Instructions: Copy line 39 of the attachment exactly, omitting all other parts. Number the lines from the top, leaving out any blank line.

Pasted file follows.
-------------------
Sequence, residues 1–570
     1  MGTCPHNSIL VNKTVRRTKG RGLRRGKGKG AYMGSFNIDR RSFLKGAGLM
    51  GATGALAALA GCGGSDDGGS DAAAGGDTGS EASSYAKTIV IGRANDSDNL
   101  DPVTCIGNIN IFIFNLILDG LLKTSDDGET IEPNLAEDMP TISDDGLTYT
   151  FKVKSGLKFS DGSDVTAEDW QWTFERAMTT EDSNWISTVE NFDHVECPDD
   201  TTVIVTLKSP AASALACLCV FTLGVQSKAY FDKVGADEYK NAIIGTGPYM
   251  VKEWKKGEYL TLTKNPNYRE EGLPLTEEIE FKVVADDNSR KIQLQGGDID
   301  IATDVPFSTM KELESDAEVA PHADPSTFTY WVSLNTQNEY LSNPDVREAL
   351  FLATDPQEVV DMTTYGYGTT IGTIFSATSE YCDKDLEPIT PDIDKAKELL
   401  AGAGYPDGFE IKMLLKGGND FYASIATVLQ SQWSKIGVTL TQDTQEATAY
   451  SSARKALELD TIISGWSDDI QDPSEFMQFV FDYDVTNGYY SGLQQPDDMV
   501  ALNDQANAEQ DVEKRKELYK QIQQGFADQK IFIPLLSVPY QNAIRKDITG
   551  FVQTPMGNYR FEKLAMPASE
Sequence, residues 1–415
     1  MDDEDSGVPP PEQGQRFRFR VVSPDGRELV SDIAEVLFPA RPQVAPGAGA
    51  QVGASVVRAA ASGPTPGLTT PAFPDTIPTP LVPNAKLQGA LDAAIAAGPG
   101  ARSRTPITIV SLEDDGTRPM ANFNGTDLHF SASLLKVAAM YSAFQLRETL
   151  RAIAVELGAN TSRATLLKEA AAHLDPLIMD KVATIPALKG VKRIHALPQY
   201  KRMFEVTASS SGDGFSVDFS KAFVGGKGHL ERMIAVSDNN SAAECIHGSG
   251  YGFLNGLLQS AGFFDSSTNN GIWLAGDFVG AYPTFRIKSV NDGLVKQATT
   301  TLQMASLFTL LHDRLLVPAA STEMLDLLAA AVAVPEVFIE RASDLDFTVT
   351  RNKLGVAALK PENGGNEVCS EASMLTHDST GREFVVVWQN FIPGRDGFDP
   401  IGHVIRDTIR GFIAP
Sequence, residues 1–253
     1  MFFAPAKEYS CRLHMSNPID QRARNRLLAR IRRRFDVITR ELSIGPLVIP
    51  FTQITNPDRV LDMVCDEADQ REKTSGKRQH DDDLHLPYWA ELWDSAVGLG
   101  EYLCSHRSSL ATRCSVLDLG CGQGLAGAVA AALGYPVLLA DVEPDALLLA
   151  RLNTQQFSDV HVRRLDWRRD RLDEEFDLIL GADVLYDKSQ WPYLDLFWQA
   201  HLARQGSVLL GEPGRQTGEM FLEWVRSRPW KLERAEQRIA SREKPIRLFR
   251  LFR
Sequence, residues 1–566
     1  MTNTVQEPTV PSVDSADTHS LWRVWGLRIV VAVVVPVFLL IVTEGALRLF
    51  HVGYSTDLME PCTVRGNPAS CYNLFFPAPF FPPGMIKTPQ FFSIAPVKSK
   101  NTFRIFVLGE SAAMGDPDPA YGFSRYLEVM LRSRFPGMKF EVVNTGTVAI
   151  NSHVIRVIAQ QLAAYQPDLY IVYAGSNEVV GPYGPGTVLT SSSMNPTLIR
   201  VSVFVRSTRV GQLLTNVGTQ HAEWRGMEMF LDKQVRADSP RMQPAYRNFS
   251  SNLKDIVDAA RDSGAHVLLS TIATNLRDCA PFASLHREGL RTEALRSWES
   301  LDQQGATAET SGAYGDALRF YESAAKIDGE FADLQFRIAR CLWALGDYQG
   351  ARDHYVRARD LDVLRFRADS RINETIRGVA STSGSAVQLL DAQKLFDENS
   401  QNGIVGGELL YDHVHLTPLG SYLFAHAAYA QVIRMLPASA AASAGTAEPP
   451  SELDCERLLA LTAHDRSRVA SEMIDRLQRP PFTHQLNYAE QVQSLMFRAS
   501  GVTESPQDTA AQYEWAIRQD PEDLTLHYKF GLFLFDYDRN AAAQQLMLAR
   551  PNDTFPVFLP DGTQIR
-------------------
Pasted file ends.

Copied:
   351  ARDHYVRARD LDVLRFRADS RINETIRGVA STSGSAVQLL DAQKLFDENS